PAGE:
Each generation is able to testify to, and identify with music as one of the great social and cultural markers of their age, reflecting what’s cool, and what’s in or out of favour.
Classic music is all about renowned excellence.
In Tasmania this autumn the Hobart Baroque Music Festival, which is solely dedicated to performance of ‘classic’ music of the late seventeenth and early 18th centuries, will present a feast of sounds to nurture the heart, mind and soul. This unique musical festival enjoyed great debut success in 2013 igniting the public, the sponsors and the government’s imagination.
Sponsored by the Tasmanian government this year’s festival is about aiding the growth and appreciation for the performance arts in Tasmania, as well as animating societal and cultural development in a positive way.
Artistic Director Leo Schofield and Executive Director Jarrod Carland and their splendid team of musicians are seeking to win new audiences over to the ideas, inspirations and insights of the exhilarating Baroque ‘music of friends’.
There is an an exceptional range of choices from a fully staged performance of Orlando, an operatic masterpiece, to a rare performance of early music from the Ottoman Empire followed by a sumptuous banquet.
Having fun with friends while rocking out to very special music played by emerging artist musicians, is the aim of the 5 x 5 x 5 @ 5 Program.
Making music accessible today for everyone is a challenge and Artistic Director Leo Schofield believes this series is an important aspect of the mix.
It is also about showcasing the particular talents of some very fine, promising young performers.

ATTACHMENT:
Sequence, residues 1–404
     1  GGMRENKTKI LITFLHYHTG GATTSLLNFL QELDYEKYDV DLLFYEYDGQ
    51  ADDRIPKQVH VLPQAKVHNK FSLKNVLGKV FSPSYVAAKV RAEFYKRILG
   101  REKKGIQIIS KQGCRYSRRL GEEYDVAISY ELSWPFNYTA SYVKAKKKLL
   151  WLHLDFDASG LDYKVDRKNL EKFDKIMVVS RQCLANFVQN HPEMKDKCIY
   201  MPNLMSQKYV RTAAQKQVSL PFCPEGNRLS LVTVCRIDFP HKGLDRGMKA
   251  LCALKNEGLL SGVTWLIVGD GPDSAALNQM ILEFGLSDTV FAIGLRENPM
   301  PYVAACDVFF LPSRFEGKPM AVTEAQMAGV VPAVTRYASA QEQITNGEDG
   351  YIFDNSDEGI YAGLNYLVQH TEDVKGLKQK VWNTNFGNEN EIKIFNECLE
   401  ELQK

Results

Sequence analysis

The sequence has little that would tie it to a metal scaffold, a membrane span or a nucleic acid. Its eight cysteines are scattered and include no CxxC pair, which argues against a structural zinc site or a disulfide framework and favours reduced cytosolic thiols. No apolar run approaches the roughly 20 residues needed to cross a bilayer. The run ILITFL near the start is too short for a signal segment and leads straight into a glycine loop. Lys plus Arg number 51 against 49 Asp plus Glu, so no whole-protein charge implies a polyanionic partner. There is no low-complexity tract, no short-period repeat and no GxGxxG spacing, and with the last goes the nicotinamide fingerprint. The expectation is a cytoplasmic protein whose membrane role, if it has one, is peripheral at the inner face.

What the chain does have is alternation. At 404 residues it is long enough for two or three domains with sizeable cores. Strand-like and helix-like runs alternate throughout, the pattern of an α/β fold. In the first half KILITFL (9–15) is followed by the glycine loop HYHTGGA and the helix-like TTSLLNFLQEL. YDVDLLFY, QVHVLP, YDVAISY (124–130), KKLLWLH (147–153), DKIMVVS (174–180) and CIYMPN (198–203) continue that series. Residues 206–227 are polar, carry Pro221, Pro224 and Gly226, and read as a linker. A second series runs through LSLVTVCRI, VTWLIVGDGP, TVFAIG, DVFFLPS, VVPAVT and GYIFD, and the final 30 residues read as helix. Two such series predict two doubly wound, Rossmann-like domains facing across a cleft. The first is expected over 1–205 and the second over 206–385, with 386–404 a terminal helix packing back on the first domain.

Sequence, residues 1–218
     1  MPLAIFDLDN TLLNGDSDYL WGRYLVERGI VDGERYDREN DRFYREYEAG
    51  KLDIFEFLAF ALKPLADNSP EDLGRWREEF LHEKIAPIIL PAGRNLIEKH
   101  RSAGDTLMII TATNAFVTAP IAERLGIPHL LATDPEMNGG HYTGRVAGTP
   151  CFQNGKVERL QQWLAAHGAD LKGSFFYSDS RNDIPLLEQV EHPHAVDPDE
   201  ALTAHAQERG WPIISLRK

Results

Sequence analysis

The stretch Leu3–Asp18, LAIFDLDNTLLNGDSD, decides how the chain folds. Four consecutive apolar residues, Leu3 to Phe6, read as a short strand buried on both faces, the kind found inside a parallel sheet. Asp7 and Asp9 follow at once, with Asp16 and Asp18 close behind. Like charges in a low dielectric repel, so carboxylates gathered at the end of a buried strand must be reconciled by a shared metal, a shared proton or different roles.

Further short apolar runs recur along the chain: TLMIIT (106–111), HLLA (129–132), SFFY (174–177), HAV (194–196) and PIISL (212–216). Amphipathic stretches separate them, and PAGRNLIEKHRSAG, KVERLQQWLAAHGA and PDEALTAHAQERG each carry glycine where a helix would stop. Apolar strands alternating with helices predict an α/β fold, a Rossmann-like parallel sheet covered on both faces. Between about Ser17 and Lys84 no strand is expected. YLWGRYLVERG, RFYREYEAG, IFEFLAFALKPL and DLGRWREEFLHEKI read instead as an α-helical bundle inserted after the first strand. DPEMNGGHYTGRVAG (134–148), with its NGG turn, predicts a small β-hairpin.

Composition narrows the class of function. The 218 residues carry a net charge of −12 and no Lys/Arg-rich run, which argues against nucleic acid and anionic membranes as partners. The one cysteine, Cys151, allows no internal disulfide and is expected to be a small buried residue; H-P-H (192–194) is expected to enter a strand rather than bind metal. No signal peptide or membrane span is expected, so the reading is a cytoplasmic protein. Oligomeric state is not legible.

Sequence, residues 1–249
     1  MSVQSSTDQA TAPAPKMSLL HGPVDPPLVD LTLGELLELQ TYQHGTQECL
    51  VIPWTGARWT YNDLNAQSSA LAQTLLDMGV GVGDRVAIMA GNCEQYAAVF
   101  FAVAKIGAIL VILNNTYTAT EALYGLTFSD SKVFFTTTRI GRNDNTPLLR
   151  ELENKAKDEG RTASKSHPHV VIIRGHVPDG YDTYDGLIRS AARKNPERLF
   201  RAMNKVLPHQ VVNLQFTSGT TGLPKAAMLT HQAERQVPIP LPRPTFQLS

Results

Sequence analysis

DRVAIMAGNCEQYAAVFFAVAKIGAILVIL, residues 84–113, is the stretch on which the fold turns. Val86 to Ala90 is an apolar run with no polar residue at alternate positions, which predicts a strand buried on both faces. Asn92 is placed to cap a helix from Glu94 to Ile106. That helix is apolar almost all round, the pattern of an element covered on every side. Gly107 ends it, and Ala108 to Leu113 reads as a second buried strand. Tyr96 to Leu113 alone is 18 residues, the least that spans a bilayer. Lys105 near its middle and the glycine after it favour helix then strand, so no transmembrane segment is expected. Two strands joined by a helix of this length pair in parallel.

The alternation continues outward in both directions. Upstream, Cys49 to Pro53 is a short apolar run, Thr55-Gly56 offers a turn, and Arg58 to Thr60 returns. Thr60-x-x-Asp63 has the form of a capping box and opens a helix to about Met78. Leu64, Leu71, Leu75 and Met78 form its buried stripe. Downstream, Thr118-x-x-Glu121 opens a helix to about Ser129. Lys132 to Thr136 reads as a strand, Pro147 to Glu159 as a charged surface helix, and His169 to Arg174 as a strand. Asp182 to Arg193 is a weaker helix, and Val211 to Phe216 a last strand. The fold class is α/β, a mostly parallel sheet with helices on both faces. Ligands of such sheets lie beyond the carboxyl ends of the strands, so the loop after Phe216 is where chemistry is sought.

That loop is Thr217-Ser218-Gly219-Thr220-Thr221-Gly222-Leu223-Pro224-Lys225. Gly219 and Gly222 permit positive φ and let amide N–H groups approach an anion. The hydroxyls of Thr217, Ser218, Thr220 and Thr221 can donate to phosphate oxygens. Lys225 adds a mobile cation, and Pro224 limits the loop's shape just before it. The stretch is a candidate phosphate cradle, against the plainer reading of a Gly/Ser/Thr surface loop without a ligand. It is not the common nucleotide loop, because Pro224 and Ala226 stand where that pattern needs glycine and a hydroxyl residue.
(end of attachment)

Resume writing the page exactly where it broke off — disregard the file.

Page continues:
Recitals will be held over five days at 5pm in Hobart’s Town Hall.
There are no bookings, the only requirement is to turn up clutching $5. Leo Schofield said recently
“When I survey the audiences at classical concerts I am acutely aware of a sea of grey hair or, in my case, white. There are many barriers to young people coming to classical concerts. One audience excludes another. The young think classical music is ‘uncool’. That’s mindset is hard to change given massive peer group pressure and the universal acceptance of ear buds, which offers a greater range of possibilities via telephony and makes choice of music more personal. But price may be another barrier. I think the 5 x 5 x 5 @ 5 series sounds groovy and catchy and may induce a younger audience to at least, in true Aussie style, give it a go. I will be looking for mullets, dreads, skulls and mohawks at head level. If the series takes off there will be more of these short sweet recitals. If it doesn’t, then we will know that the barriers of length, formality and price are not to blame.” he said.
Monday the D’Entrecasteaux Strings, features Rohana Brown tutti violinist with the Tasmanian Symphony Orchestra together with TSO colleagues, violinist Monica Naselow, cellist Martin Penicka and harpsichordist Andrew Bainbridge.
They will bring a fresh young approach to a captivating selection of sonatas.
They were admired for their ‘great variety and invention’ especially when composed by such as George Friderich Handel (1685 – 1759), Arcangelo Corelli (1653-1713) and Georg Philipp Telemann (1681-1767).